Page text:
• These tasks have no state stored within them. Task state is stored in Kafka in special topics config.storage.topic and status.storage.topic and managed by the associated connector. 
  • Connectors and tasks are logical units of work and must be scheduled to execute in a process. Kafka Connect calls these processes workers and has two types of workers: standalone and distributed.
  • Standalone mode is the simplest mode, where a single process is responsible for executing all connectors and tasks.
  • Distributed mode provides scalability and automatic fault tolerance for Kafka Connect. In distributed mode, you start many worker processes using the same group.id and they automatically coordinate to schedule execution of connectors and tasks across all available workers
Image Source : confluent.io

A three-node Kafka Connect distributed mode cluster. Connectors (monitoring the source or sink system for changes that require reconfiguring tasks) and tasks (copying a subset of a connector’s data) are automatically balanced across the active workers. The division of work between tasks is shown by the partitions that each task is assigned.

Converters help to change the format of data from one format into another format. Converters are decoupled from connectors to allow reuse of converters between connectors naturally. The Converter used at Source and Sink can take input and output to different set of formats. 

The following graphic shows how converters are used when reading from a database using a JDBC Source Connector, writing to Kafka, and finally, writing to HDFS with an HDFS Sink Connector.

How converters are used for a source and sink data transfer
Image source : confluent.io

Kafka connect supports Single Message Transformations (SMT) as well.

  •  SMTs transform inbound messages after a source connector has produced them, but before they are written to Kafka.
  • SMTs transform outbound messages before they are sent to a sink connector.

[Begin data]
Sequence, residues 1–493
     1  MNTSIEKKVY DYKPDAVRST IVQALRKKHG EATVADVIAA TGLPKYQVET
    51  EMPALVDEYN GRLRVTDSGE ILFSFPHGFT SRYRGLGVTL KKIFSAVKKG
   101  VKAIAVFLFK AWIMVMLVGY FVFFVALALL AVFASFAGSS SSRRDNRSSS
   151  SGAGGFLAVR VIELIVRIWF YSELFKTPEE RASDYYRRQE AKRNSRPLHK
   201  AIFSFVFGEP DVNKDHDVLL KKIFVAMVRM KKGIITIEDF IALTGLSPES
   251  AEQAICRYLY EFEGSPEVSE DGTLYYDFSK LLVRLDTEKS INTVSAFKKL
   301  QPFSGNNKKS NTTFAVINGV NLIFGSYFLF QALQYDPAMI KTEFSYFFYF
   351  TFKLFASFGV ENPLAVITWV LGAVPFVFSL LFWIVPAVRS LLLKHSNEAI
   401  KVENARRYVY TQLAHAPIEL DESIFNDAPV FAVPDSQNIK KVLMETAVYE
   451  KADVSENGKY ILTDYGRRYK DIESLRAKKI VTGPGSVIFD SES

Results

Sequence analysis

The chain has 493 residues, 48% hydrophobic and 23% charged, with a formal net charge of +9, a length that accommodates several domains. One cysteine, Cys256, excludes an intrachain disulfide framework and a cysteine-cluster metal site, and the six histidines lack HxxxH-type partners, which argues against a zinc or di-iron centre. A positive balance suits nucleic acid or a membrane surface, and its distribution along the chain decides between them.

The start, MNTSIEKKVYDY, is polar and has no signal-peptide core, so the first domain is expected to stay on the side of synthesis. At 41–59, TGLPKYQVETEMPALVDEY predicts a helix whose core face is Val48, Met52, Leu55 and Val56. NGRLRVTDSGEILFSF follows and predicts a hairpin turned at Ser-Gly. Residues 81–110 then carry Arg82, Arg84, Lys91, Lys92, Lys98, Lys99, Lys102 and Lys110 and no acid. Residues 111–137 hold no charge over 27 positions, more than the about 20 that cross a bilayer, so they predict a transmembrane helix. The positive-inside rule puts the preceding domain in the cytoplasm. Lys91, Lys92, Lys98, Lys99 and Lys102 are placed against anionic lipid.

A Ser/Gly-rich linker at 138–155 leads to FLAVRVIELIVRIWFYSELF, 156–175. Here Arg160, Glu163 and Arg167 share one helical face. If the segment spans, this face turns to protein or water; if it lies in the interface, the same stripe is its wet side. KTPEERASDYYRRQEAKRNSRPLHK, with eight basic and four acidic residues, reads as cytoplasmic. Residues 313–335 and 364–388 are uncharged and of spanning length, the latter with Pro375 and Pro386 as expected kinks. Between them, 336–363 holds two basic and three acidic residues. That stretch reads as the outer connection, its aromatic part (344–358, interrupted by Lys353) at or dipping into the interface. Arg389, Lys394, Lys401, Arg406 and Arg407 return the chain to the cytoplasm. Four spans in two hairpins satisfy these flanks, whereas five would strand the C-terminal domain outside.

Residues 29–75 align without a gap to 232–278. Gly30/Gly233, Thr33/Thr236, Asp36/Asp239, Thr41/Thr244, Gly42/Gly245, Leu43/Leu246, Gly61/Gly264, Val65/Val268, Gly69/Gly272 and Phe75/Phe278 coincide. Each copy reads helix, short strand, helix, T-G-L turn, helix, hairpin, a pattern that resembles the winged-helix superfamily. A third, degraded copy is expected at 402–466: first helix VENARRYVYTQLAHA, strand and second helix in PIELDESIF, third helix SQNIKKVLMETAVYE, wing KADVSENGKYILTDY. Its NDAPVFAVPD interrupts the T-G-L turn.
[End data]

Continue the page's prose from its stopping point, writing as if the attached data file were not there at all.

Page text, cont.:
• Example of common SMTs
    • Filter or rename fields
    • Add a new field in record using metadata
    • Mask some fields with a null value
  • Now lets use Kafka connect to demonstrate a use case to get automatic updates from a PostgreSQL Table with a frequency of 1 minute
  • At the source, we have a customer table. I have only created customer table. You can leverage the scripts from here to create either these tables
  • Step 1 : Start Zookeeper & Kafka Broker cluster
  • Step 2: Get the required connector libraries. In this case, we will need kafka-connect-jdbc and postgreSQL driver. Download the Kafka Connect JDBC plugin from Confluent hub and extract the zip file.
  • Create kafka-connect-jdbc at any path and copy the jars under it
  • Step 3: Create worker properties file and save it . I named it as connect-postgres-demo.properties. plugin.path properties should contain the path of the location where the jars are downloaded
# A list of host/port pairs to use for establishing the initial connection to the Kafka cluster.

# unique name for the cluster, used in forming the Connect cluster group. Note that this must not conflict with consumer group IDs

# The converters specify the format of data in Kafka and how to translate it into Connect data. 

# Topic to use for storing offsets. This topic should have many partitions and be replicated and compacted.